Lost in Translation

“What is lost in the good or excellent translation is precisely the best.”

Friedrich Schlegel

There’s an incredible amount of knowledge and information out there nowadays. (And it’s only increasing.)

Everything we know, everything we could learn has been built up over time. But not everything is easily understandable. Even if we were stuck in a time-loop and had all the time in the Universe, some things take repetition, multiple perspectives, and deep thought to really grok something.

Think about classic books for example. The language in books are of their own time.

Pick up a book from Shakespeare and it’s immediately apparent it’s from another era.

Same thing with The Odyssey, or Great Gatsby, or Pride and Prejudice or Walden, etc. Each book captures a different way of speaking and thinking about the world. This reflects the author, for sure, but also the culture and times they lived in.

The same is true for most mediums. Art, Movies, Music, Technology… Ideas are a reflection of their time. Some ideas are universal and translate well throughout history. Some ideas are evergreen, easily taught, and understood. But most ideas are lost in translation as time expands.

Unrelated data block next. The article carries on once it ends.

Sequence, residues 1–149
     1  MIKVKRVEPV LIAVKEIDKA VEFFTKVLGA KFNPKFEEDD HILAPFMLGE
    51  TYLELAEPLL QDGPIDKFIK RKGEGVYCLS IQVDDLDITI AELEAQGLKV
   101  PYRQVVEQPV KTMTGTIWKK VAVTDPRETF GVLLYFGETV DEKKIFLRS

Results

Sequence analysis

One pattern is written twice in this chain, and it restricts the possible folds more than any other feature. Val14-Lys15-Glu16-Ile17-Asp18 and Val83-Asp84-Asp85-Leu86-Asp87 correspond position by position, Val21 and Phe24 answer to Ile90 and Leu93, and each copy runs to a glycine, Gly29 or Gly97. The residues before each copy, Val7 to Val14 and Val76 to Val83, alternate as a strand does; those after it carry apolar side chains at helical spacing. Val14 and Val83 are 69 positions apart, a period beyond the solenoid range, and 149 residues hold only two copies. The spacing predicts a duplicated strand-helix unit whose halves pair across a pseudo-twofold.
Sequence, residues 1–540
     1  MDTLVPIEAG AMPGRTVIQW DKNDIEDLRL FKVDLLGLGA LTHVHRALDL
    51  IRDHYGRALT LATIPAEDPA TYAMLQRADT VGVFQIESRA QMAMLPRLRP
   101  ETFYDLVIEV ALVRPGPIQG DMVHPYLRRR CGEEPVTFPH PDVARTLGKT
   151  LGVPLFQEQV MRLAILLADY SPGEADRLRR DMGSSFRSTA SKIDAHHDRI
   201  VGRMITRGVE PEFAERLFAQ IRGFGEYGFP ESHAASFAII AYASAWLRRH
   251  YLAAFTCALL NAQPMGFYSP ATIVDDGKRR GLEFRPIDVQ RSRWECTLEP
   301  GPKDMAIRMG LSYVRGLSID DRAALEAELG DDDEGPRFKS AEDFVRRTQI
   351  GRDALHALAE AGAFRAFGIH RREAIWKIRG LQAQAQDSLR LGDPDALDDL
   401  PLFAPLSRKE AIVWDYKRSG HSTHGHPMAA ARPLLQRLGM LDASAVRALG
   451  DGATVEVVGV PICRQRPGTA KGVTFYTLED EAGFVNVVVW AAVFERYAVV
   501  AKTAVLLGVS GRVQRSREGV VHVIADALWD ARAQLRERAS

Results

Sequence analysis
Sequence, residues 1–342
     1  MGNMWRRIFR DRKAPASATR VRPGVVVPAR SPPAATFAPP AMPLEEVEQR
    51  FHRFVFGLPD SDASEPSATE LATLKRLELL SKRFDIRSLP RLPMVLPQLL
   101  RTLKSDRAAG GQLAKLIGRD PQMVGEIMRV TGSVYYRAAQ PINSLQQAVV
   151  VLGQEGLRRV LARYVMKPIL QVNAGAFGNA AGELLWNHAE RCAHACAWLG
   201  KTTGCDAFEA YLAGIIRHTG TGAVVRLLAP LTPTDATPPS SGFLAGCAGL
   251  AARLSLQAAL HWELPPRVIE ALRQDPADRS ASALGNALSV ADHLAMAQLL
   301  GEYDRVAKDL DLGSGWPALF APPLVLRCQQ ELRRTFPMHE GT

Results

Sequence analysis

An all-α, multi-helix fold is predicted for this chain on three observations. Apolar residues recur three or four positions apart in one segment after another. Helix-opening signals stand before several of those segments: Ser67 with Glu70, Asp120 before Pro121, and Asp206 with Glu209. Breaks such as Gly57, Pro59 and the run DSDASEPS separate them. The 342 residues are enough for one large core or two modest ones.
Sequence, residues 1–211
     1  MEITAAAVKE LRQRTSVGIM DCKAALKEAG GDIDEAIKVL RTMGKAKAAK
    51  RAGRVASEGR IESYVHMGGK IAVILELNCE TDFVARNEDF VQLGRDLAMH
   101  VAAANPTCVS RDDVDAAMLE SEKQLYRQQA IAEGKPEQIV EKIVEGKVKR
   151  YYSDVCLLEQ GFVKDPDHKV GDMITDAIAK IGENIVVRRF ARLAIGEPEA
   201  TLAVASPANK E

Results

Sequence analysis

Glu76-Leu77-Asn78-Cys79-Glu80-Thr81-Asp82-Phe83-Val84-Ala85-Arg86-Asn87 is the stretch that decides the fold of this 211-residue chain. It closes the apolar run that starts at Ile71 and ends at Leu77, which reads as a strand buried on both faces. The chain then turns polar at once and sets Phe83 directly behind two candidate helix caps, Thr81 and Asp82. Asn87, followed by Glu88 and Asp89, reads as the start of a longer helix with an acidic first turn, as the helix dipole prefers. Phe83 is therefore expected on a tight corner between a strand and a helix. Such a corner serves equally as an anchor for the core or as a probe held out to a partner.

That’s where we come in. We can, if we choose, carry the torch by uncovering lost ideas (or overlooked or obscure) and bring them to a new generation.

Some ideas get old. Old ideas get lost to new generations.

Ideas are recycled. They are never the same the second and proceeding times around. As time passes perspectives change.

Each new generation—each individual—can rediscover and become inspired by ideas that we translate. By simply understanding them ourselves, we can make them unique by putting them in our own words and combining them with other ideas we have.

Who knows how many fabulous ideas exist out there in the world that exist in stuffy old books or forgot insights waiting to be remembered.

STAY BOLD, Keep Pursuing,
— Josh Waggoner | Daily Blog #992

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